Connecting Across Spaces
Post submitted by whole child blogger Caroline Newton, a sophomore at Temple University. Newton is studying journalism and writes for Jump: The Philly Music Project magazine.
"How can we prepare our learners for the future? How can our learners cultivate global competence?" Heidi Hayes Jacobs of Curriculum21 asked in her ASCD Annual Conference session. The topic of the hour? Connecting the classroom and the school to the global world.
To help students gain this global knowledge, Brandon Wiley of Asia Society introduced the Global Competency Matrix model, which highlights the following principles:
- Investigate the world. Students explore questions of global significance, relating local to global issues.
- Recognize perspective. Students seek to understand their own beliefs before understanding those of others.
- Communicate ideas. Students talk to foreign students and clear up misconceptions and then use that new understanding to spread information.
- Take action. Students are encouraged to take an active role in the society and work to eliminate passiveness.
In addition, content knowledge is crucial for students to make informed decisions about the world. Jacobs and Wiley presented four case studies of schools from around the world that have successfully implemented this approach to global learning.
First, they introduced Instituto San Roberto in Mexico. The school's goal is to create "compassionate and engaged world citizens" by involving teachers, students, and staff in the impoverished community that surrounds the school. Students have already seen results.
Victor, a student of the Instituto San Roberto, took time to video chat with the audience. "It's incredible," he said, "how much students have done in five years to help other people."
At Number One Middle School in China, the students were involved in an experiment called The iPad Program, which replaced textbooks and paper with the tablets.
"What I think is unique [about the program] is the ways our kids are receiving language," said creator Stephan Wilmarth over Skype. "[It's] immersion in information."
The ultimate goal of The iPad Program is for Chinese teens, through the global access that technology allows them, to have the opportunity to travel to the United States for higher education.
At Papatoetoe South Elementary School in New Zealand, Jacobs shared that students are encouraged to explore and be proud of their own heritage. In a place where the Pacifica culture runs deep, Papatoetoe wants its students to explore their own beliefs and perspectives and apply them to the world in which they live.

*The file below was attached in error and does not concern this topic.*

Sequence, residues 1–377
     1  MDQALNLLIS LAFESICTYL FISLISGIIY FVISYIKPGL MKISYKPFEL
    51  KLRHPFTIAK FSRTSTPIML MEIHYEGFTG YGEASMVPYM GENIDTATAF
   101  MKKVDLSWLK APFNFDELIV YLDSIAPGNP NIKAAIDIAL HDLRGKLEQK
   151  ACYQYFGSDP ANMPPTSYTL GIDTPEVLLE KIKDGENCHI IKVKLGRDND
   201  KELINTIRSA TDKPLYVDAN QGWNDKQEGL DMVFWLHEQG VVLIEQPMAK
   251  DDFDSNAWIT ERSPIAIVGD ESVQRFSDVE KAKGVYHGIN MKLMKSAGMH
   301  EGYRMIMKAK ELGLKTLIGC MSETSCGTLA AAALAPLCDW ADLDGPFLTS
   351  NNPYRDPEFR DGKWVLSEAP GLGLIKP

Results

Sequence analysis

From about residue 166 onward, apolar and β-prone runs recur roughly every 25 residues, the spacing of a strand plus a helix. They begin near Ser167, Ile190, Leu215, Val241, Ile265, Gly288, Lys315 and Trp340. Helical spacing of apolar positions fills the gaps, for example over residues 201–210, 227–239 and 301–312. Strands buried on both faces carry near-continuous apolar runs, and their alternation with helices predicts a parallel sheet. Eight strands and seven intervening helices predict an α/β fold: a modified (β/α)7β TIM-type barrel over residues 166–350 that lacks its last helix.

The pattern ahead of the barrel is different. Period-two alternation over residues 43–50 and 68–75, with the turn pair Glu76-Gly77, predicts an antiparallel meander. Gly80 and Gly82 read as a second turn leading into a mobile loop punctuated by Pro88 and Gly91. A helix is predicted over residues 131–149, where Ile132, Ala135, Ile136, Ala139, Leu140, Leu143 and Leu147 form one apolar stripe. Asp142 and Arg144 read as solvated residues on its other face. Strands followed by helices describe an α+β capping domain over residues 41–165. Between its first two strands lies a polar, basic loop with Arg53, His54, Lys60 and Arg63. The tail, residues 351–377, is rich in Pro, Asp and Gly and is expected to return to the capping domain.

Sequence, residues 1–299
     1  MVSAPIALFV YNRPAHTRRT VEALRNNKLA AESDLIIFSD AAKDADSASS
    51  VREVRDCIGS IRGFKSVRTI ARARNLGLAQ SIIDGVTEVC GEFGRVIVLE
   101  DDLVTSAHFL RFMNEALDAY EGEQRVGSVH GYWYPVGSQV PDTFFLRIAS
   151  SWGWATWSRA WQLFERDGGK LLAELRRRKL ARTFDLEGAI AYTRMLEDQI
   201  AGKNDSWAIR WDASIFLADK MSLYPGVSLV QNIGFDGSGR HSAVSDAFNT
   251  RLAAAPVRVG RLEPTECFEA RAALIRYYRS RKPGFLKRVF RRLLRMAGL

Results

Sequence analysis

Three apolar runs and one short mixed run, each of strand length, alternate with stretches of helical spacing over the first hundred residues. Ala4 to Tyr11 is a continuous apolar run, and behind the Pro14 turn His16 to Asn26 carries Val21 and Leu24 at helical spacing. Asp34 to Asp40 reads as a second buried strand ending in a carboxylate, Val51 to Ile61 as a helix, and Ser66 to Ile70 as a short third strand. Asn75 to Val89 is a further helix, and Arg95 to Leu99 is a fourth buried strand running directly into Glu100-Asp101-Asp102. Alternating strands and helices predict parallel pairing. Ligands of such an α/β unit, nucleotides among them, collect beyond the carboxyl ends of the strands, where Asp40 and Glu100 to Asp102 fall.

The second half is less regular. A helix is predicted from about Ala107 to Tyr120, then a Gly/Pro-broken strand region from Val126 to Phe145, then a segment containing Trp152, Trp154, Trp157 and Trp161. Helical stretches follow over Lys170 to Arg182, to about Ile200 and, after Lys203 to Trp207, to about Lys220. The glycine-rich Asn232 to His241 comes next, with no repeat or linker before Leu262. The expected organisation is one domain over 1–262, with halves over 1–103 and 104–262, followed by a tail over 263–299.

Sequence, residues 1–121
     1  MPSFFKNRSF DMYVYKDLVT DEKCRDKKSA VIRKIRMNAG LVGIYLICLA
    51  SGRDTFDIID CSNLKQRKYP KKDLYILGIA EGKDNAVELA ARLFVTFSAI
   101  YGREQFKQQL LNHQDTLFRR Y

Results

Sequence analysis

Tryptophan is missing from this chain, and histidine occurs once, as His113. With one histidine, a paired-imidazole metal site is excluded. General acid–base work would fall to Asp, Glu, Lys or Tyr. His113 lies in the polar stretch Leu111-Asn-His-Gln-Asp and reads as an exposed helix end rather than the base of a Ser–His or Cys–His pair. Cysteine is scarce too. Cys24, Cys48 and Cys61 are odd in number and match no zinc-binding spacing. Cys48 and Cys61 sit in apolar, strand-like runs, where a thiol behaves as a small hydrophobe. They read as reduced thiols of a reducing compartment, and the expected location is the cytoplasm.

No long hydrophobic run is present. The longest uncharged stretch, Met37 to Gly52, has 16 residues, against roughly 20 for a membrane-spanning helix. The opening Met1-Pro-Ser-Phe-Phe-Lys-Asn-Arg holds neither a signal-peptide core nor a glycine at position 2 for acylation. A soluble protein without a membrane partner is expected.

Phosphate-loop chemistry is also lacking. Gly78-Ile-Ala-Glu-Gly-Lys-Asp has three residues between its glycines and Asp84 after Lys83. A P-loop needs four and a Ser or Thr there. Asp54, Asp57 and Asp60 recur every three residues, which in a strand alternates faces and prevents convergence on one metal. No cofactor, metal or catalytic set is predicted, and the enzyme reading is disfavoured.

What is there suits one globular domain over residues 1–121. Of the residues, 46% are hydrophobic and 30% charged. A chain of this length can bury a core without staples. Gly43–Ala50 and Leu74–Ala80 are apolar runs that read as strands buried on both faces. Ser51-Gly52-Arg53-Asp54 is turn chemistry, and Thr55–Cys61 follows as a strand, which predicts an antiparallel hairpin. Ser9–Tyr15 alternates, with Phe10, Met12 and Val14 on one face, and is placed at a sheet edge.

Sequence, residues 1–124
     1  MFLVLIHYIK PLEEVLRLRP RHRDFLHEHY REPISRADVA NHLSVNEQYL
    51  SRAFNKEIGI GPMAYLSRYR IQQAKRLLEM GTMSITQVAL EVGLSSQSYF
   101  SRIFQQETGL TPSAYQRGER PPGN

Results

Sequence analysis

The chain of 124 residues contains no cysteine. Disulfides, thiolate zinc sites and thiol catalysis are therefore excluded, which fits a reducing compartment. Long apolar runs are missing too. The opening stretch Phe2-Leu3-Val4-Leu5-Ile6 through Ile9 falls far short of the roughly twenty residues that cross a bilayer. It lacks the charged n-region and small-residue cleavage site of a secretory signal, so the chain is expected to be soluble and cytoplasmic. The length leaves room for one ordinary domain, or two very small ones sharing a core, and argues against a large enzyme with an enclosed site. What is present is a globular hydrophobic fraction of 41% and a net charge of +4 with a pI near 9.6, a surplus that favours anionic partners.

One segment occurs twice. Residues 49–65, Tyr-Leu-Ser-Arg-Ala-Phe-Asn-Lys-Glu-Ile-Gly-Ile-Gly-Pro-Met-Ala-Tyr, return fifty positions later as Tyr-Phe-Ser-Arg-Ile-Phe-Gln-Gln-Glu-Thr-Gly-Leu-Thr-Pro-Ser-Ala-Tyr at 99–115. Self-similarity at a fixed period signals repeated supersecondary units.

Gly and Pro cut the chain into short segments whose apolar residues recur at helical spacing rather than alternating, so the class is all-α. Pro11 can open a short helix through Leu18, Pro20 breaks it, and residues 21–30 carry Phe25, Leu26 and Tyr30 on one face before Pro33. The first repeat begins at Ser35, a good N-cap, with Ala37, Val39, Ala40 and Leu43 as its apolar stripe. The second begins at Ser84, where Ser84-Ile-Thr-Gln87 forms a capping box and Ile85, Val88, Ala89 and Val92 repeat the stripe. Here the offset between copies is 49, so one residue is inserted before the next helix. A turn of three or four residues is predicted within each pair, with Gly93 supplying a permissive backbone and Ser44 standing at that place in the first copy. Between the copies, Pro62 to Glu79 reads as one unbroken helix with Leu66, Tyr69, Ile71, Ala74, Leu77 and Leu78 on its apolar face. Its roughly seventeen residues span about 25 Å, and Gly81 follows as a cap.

Porscha, a student of Papatoetoe, explained in a video chat that she is excited to share her Maori heritage with other people, but that she is also excited to learn about other cultures.
Schools in other countries aren’t the only ones exploring this new kind of education; the International School of the Americas in San Antonio, Tex., is making similar moves. Students there work in individual and collaborative projects and are taught from authentic curriculum.
Although connecting globally may seem daunting, presenter Silvia Tolisano said that the best way to get started is to reach out to existing global projects. Tolisano, who was using Skype to present remotely, suggested building personal learning networks through Skype, Twitter, and blogs.
"Personalize the global," Tolisano concluded.
View More Session Presentations
ASCD streamed 21 dynamic sessions live from its 2012 Annual Conference & Exhibit Show, held in Philadelphia, March 24–26. You can now watch the archive of those 21 sessions. The experience includes
- More than 30 hours of content, featuring presenters such as Heidi Hayes Jacobs, Charlotte Danielson, Robyn Jackson, and Doug Reeves. See all sessions.
- Access to Virtual Conference session handouts and resources.
- Interviews with presenters and special guests and commentary from our on-air host and cohost.
- Access to the archived recordings for all sessions until September 2012.
- Social networking activities, points, badges, prizes, and more.
Access the Virtual Conference archive for just $129 for ASCD members and $159 for nonmembers. That's less than $8 per session!